@jmpcm To be clear, you're saying that any GET parameters which are simply specifying which exact resource to get (i.e. /?file=123.txt) are the only proper ways to use GET, and that POST should be used for anything searchy (i.e. /?file=*.txt), or am I misunderstanding? –  Patrick Sep 13 '12 at 16:16
    
@Patrick: GET can be used to retrieve more than one existing resource, i.e. your GET request could have a query like /?file1=f1.txt&file2=f2.txt in order to retrieve 2 files. If you are searching for something more "unspecified", than you should use a POST because an object with the result will be created on the server and is sent to the client. Conclusion: you can put things the way you wrote above, but understand that it can be misleading, specially in the second case where you can have on the server an existing result resource with the result; in this case GET could be an option. –  jmpcm Sep 16 '12 at 22:21
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POST should not be use for searches, GET is what should be used, this way you can share, and cache, the resulting URL and the results, and you take better advantage of the RESTful architecture of the internet –  Luxspes Oct 26 '12 at 4:50

HTTP specification actually advises to use POST when sending data to a resource for computation.

Your search looks like a computation, not a resource itself. What you could do if you still want your search results to be a resource is create a token to identify that specific search result and redirect the user agent to that resource.

You could then delete search results tokens after some amount of time.

Example

POST /search
query=something&category=c1&category=c2&...

201 Created
Location: /search/01543164876

then

GET /search/01543164876

200 Ok
... your results here...

This way, browsers and proxies can still cache search results but you are submitting your query parameters using POST.

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+1 for adding an example of how to instruct the client to retrieve the result later –  Riccardo Cossu Mar 27 at 6:50
    
How does this address the OP requirement about bookmarking the query? –  Rhubarb Nov 6 at 9:44
    
@Rhubarb it does address it clearly by creating a resource for a given search. –  maulik13 Nov 11 at 10:21

Regarding your example:http://compute.com?content={base64file}, I would use POST because you are uploading "something" to be computed. For me this "something" feels more like a resource as a simple parameter.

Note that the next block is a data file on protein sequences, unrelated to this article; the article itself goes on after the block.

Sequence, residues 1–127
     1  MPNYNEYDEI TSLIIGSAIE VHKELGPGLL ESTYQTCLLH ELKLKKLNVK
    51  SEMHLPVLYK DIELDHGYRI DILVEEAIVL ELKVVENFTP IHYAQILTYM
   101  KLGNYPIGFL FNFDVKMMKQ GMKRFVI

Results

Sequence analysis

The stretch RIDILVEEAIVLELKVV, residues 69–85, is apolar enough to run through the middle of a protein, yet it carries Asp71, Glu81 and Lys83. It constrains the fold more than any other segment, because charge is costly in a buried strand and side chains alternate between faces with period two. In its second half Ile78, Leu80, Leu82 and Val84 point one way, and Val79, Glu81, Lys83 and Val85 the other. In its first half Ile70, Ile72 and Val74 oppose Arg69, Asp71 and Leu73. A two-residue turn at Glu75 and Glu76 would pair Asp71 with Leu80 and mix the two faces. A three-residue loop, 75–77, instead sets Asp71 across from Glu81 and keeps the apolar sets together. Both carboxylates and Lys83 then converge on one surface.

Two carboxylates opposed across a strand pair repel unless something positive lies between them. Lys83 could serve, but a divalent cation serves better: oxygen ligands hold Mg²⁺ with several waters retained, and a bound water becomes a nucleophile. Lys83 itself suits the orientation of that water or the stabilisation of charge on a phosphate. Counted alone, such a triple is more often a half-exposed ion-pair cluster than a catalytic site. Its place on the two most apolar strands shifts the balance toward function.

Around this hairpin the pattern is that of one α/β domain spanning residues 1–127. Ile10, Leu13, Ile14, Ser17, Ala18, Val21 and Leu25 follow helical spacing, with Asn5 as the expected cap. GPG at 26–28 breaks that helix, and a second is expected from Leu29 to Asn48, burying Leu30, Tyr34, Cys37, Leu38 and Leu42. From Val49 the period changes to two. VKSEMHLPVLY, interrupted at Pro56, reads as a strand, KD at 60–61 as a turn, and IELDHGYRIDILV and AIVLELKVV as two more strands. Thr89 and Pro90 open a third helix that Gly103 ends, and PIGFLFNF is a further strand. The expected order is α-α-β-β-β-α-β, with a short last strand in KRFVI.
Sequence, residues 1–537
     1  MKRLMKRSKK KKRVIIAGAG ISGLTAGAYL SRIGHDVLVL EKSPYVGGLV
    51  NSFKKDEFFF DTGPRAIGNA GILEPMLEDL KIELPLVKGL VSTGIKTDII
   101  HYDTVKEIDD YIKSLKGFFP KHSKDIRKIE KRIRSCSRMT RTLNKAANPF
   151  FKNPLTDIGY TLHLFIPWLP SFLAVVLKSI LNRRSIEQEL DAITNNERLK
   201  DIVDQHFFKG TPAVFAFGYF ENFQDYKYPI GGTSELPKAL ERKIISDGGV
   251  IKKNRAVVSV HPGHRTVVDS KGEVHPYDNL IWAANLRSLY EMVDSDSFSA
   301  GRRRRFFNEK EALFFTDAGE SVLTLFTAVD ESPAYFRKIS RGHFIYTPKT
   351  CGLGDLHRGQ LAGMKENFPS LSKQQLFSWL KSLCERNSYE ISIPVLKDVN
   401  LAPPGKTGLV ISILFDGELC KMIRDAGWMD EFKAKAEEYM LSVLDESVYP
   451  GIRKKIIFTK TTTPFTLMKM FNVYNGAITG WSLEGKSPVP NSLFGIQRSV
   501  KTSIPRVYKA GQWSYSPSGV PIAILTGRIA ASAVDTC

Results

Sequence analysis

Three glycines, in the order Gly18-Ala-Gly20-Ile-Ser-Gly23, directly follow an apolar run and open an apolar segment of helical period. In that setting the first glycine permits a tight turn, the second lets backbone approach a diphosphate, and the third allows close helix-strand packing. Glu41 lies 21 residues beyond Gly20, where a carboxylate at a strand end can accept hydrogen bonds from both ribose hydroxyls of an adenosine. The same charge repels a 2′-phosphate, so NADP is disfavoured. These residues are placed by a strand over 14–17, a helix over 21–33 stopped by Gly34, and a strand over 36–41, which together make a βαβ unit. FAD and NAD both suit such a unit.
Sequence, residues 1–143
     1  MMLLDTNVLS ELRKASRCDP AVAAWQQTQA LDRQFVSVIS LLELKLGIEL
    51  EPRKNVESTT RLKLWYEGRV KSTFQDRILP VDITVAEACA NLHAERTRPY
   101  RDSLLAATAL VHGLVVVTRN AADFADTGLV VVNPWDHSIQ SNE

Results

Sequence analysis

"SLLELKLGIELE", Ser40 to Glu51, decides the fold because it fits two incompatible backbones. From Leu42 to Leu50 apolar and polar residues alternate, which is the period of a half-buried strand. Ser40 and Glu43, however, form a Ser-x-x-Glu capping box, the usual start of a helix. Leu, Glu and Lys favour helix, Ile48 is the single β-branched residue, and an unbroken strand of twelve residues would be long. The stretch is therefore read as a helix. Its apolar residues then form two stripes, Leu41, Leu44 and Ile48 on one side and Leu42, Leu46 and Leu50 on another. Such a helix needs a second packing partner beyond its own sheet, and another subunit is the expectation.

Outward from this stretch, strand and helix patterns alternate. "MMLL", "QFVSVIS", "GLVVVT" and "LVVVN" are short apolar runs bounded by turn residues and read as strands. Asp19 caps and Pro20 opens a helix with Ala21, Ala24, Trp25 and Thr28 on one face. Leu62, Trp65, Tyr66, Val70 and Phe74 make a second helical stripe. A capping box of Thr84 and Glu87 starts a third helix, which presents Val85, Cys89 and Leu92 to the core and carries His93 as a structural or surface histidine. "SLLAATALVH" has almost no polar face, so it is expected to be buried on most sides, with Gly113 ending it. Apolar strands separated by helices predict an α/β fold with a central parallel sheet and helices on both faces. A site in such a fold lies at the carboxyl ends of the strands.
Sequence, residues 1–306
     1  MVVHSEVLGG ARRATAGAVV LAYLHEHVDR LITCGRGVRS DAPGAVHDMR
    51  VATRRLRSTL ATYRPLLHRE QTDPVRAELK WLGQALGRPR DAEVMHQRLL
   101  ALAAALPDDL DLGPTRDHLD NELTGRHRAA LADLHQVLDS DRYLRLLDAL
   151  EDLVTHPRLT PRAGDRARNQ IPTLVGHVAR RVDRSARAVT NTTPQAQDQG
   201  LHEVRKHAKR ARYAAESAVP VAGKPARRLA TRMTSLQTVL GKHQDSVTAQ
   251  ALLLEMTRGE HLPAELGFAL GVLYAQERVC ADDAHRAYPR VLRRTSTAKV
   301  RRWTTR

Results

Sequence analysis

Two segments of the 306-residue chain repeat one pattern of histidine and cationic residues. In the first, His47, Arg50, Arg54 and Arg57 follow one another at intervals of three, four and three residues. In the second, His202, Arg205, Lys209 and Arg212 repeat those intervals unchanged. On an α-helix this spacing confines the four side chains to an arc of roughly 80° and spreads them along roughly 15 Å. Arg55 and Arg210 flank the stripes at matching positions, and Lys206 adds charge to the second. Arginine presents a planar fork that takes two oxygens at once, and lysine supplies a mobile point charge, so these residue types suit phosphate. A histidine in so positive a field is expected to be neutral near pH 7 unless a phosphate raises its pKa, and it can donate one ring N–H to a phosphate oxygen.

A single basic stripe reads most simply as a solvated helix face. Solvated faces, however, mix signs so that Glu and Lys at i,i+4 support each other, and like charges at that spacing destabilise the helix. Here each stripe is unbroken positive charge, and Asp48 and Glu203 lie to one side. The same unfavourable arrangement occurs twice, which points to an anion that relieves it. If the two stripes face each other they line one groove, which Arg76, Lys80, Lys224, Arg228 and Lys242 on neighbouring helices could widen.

In contrast to this in usual search I would start to stick with GET and parameters. You make it so much easier for api-clients to test and play around with your api. Make the read-only access (which in most cases is the majority of traffic) as simple as possible!

But the dilemma of large query strings is a valid limitation of GET. Here I would go pragmatic, as long as you don't hit this limit go with GET and url-params. This will work in 98% of search-cases. Only act if you hit this limit and then also introduce POST with payload (with mime-type Content-Type: application/x-www-form-urlencoded).

Have you got more real-world examples?

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The computation was a real world example. About the search, we want to be able to search for transactions on multiple sell points, so we open a new browser window to select the sell points. And when we validate we modify a hidden parameter in the search form to set the selected sell points. If there are really many of them, then the resulting search request will have a very long query string. –  cbliard Nov 18 '10 at 12:59

REST is a manner to do things, not a protocol. Even if you dislike to POST when it is really a GET, it will work.

If you will/must stay with the "standard" definition of GET, POST, etc. than maybe consider to POST a query, that query will be stored on the server with a query id and request the query later with GET by id.

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The confusion around GET is a browser limitation. If you are creating a RESTful interface for an A2A or P2P application then there is no limitation to the length of your GET.

Now, if you happen to want to use a browser to view your RESTful interface (aka during development/debugging) then you will run into this limit, but there are tools out there to get around this.